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JOE DIMAGGIO sat reading Superman and smoking in his room at the Shoreham Hotel in Washington, D.C. He adored Superman comics, although he did not want many people to know this. If the newspapers picked up on it, who knew what people might think? What if they made fun of him? His roommate, Lefty Gomez, had the assignment of discreetly buying the weekly comic book for DiMaggio; whenever Joe himself carried a copy he tucked it out of sight. He read the daily Superman strips in the newspaper too.
Superman was a story of unambiguous heroism in which the seemingly impossible was routinely achieved. Something important was always at stake. Everybody loved Superman, and unfailingly he saved the day. There was also the ever-present element of secrecy, of Clark Kent's disguising a completely other identity that no one, not even Lois Lane, could know.
"Why, Joe, you're just like him," Gomez would kid. "He puts on his uniform, and all of a sudden no one can stop him! He's everyone's hero." Sometimes when Gomez bought the comic—and DiMaggio always had him get it the very day it came out—he would goof around by calling out to DiMaggio, who hovered off to the side, "You mean this comic book, Joe? Or this one, the Superman?" DiMaggio would scowl and turn his back and walk off a few paces. Only Gomez could get away with tweaking him like this.
That night, June 28, 1941, with a chance for DiMaggio to pass George Sisler's American League record during a doubleheader at Griffith Stadium the next day, he and Gomez would stay in the room. DiMaggio's hitting streak was at 40 games, one short of Sisler's mark from 1922, and as the 26-year-old DiMaggio had realized over the last few days in New York City and Philadelphia, being out in public now meant being subjected to almost relentless pestering.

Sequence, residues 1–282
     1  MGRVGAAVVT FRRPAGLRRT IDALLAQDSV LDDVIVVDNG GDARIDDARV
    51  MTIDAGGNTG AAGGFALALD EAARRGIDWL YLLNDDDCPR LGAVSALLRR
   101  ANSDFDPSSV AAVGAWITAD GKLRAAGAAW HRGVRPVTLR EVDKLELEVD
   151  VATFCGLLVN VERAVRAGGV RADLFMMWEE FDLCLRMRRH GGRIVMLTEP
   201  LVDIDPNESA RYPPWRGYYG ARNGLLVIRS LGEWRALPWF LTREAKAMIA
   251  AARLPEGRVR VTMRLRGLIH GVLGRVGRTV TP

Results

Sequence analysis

Even in ordinary times, when DiMaggio went out, someone invariably wanted to speak to him—and get his autograph. Fans interrupted his meals at restaurants and surrounded him when he left Yankee Stadium. At the movies DiMaggio found it best to sit near the back, to limit the number of people who might see him and come over to greet him even as the picture rolled. But the fawning was far greater now; even an attempt to sit quietly in the hotel lobby was a sure invitation to be bothered.
That was too bad. DiMaggio liked hotel lobbies, saw them as comfortable places to relax. He liked to sit in the plush armchairs beneath the fancy chandeliers and, with one or two other ballplayers in the chairs beside him, watch the hotel guests come and go. They'd sit without speaking. A few years back in St. Louis a reporter had seen DiMaggio and fellow Yankees Frankie Crosetti and Tony Lazzeri together in the lobby of the Chase Hotel. They sat for nearly an hour and a half without exchanging a word. Then DiMaggio cleared his throat. "What did you say?" Crosetti asked.
"Shut up," Lazzeri said. "He didn't say anything."
Then the three men fell back into silence. They sat and watched and were left in peace.
That would not be possible in this time of the hitting streak, so DiMaggio would stay in the room, and he and Gomez would put on the radio and order up steak. Even on a night like this, some enterprising fans would knock on the door, claiming to be bellhops or maids. Gomez would tell them to bug off and say DiMaggio wasn't even there. At times, though, a pretty woman would arrive at the room, and if DiMaggio had invited her or if he wanted her to stay (he had a fondness for redheads), Gomez would leave the two of them alone for a while. Rarely did Joe ever see these women again. He did not offer to take them out for a meal, nor did he suggest that they spend any additional time together. To none of the women did he play the cavalier.
The dalliances may have briefly pleased DiMaggio, but they did not lessen the loneliness he felt without his wife, the former actress Dorothy Arnold. When he was apart from her she seemed in every aspect ideal. The things about her that annoyed him seemed small and unimportant; she became in his mind the missing ingredient he needed to feel at ease. No other woman changed that. DiMaggio still looked forward to returning home to Dorothy's arms; he still wanted her to be at the ballpark for every game and by his side when the photographers came. Out in the nightlife, DiMaggio's gallantry was reserved for his wife. There may have been other women, but really there were none. Joe was always true to Dorothy, in his fashion.